A View Of The Future Of Our Data, wherein Matt Prewitt outlines the idea of data coalitions, a workable vision for the future of our data, a future that we'll need to fight for.

The battery invented 120 years before its time, wherein we learn how and why the lead-iron battery invented by Thomas Edison might be making a comeback.

Odds and Ends

How Tokyo’s Public Housing Defined Japan’s Middle Class, wherein we learn how a style of home transformed housing in postwar Japan, and helped transform the country at the same time.

The Precarious State of the Mom-and-Pop Store, wherein we learn about a New York City couple who've chronicled the slowly-fading world of the city's neighbourhood retailers and learn about some of their finds.

Off-Season on the Jersey shore, wherein Gabrielle Esperdy examines Tyler Haughey's almost desolate photos of urban New Jersey in its off season and we learn how the COVID-19 pandemic has deepened and amplified the meanings of those photos.

And that's it for this Monday. Come back in seven days for another set of links to start off your week.

Scott Nesbitt

Welcome to this week's edition of the Monday Kickoff, a collection of what I've found interesting, informative, and insightful on the web over the last seven days.

Let's get this Monday started with these links:

History

The missing continent it took 375 years to find, wherein we learn why it took so long to discover the continent of Zealandia.

The buried ship found on an English estate, wherein we learn how the discovery of an ancient ship in an English burial mound changed how we look at Dark Age Anglo Saxons and how it changed the face of archaeology in England.

The Once-Classified Tale of Juanita Moody, wherein we learn a bit about how one NSA officer, who insisted on adopting and using the latest technology, helped transform the way in which intelligence is gathered, analyzed, and published.

Business and Economics

Inside the Cryptocurrency Casino, wherein Andrew Ancheta looks at how digital currencies are going mainstream and argues that they won’t reform the banking system, or correct the over-concentration of wealth and power.

A booming industry based entirely on missed calls helped bring India online — and vanished overnight, wherein we learn about the Indian company ZipDial, which took advantage of Indians' habit of hanging up their mobile phones swiftly (to save money) to create a lucrative business.

The changing climate of risk, wherein we learn that government bonds, which are considered safe investments, could be riskier than we think thanks to climate change.

Productivity

The Guilt of Not Working More, When We're Done for the Day, wherein Leo Babauta reminds us of the dangers of being on the productivity treadmill and offers advice for avoiding the guilt of not constantly working.

The power of simplicity: how to manage our complexity bias, wherein Anne-Laure Le Cunff looks at why people embrace complex solutions and why that's not always a good thing.

The Rise and Fall of Getting Things Done, wherein Cal Newport explores how GTD became popular and we learn that productivity systems don't necessarily make us more productive.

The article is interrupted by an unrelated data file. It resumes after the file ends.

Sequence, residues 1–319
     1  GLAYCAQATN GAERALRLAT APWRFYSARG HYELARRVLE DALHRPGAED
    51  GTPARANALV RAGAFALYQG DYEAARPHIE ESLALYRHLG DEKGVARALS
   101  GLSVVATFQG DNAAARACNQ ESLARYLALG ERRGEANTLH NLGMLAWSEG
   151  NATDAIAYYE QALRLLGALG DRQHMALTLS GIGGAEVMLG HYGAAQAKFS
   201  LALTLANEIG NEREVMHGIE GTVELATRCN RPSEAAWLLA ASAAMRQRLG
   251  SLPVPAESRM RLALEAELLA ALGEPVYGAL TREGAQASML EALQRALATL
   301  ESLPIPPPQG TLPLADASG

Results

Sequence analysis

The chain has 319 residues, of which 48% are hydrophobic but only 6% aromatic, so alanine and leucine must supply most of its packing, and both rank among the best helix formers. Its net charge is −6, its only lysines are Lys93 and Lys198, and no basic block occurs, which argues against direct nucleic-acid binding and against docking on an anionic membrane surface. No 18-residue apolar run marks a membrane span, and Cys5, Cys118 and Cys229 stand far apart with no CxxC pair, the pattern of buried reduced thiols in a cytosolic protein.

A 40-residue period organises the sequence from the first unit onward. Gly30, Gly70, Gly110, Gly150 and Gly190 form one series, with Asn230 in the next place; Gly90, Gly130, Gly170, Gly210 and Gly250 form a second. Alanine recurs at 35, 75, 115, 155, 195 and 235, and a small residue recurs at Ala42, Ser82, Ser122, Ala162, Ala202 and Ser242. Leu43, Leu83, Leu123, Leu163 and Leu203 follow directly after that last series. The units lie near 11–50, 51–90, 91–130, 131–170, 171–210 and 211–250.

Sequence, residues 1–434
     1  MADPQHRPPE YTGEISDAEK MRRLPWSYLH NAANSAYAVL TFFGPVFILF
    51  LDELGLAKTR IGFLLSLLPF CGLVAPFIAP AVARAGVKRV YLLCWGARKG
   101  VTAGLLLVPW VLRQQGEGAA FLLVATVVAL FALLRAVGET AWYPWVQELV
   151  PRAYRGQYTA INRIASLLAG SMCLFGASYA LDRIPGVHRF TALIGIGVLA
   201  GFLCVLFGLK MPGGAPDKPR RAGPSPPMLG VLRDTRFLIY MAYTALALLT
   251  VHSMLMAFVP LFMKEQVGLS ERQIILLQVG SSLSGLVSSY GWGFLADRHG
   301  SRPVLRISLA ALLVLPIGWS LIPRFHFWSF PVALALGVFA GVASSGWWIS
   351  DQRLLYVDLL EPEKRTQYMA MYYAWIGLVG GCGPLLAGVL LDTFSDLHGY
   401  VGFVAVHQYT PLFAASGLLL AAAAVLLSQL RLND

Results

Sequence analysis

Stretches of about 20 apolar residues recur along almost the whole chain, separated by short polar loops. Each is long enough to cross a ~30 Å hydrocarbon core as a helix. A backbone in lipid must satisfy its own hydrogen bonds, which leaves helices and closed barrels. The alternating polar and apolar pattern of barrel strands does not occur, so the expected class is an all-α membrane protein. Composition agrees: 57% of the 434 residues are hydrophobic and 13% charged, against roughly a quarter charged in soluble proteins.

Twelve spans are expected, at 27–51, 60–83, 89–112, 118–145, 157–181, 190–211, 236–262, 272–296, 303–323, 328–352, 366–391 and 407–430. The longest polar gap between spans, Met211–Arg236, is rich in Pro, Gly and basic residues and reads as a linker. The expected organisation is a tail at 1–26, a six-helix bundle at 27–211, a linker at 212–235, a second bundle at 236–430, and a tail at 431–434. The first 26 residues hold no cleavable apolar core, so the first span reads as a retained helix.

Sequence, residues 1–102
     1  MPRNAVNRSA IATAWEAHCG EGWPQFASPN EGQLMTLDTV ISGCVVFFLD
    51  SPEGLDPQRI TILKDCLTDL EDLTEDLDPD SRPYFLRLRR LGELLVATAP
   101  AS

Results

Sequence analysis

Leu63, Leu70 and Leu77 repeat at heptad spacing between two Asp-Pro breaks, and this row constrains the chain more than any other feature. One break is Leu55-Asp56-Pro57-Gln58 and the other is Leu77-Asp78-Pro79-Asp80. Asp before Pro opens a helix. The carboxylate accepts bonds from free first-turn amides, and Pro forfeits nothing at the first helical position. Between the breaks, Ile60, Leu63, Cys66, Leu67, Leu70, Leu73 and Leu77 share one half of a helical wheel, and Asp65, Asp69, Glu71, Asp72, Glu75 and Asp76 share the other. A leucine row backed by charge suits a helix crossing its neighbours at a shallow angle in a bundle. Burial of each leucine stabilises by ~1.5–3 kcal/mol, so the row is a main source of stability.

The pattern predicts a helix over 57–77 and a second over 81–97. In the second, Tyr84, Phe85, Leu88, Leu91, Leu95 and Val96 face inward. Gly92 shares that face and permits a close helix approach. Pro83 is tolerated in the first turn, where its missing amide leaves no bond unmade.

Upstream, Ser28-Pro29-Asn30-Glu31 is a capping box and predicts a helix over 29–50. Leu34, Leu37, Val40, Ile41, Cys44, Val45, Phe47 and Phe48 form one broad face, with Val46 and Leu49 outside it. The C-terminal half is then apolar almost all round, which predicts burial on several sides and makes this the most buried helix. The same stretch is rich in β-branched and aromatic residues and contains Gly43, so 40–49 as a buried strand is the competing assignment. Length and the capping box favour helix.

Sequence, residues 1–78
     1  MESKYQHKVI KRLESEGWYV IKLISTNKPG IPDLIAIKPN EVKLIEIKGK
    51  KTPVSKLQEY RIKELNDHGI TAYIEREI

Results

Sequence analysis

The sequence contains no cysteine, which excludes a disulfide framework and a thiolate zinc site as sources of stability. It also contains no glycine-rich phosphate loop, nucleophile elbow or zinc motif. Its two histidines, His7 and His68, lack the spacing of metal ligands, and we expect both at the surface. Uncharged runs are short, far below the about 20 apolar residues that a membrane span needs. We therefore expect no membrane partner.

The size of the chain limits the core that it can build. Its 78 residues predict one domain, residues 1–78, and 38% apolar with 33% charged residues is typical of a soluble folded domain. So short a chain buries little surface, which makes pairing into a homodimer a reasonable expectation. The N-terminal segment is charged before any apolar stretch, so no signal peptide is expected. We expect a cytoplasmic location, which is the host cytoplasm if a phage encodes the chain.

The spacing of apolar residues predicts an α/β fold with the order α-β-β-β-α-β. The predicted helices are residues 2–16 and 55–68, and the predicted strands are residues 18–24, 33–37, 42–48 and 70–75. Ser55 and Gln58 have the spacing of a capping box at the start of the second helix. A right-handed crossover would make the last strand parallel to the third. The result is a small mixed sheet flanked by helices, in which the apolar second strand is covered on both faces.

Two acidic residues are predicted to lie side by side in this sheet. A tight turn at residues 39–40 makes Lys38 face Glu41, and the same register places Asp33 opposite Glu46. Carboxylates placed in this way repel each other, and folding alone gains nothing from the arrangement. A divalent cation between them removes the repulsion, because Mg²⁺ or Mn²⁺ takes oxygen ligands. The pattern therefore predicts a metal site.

And that's it for this Monday. Come back in seven days for another set of links to start off your week.

Scott Nesbitt

Welcome to this week's edition of the Monday Kickoff, a collection of what I've found interesting, informative, and insightful on the web over the last seven days.

Let's get this Monday started with these links:

Crime

Enter the Dragnet, wherein Sarah Brayne looks at how law enforcement is hoovering up and using even non-criminal data and ponders the wider-ranging implications of that.

How German Librarians Finally Caught an Elusive Book Thief, wherein we learn about Norbert Schild, a cunning, enterprising, and meticulous thief who expertly cut maps from antique tomes (often under the noses of librarians), and how he was eventually caught.

Death of a (Really Good) Salesman, wherein we learn about the rise and fall of a one-time corporate superstar, his turn to robbery to hold things together, and of his tragic end.

Ideas

Really?, wherein David Voron ponders the idea that what we perceive as reality might not actually exist.

On Susan Stebbing and the role of public philosophy , wherein we learn how a book written in the late 1930s and its author offer lessons for us over 80 years later.

Apocalyptic Infrastructures, wherein Laleh Khalili argues that infrastructure must remain public so that we can all continue to benefit from it and to keep it intact.

The Dark Side of Technology

Future Shlock, wherein Jathan Sadowski explores the idea that the utopian vision that tech firms push only benefits them and is a vision that's actually dystopian for the rest of us.

'Spy pixels in emails have become endemic', wherein we learn about those little images embedded in emails, what they're used for, and why they're dangerous.

Tracking dots article, wherein we learn about machine identification codes which offer a way to track people who made hard copies using a particular printer.

And that's it for this Monday. Come back in seven days for another set of links to start off your week.

Scott Nesbitt

Welcome to this week's edition of the Monday Kickoff, a collection of what I've found interesting, informative, and insightful on the web over the last seven days.

Let's get this Monday started with these links: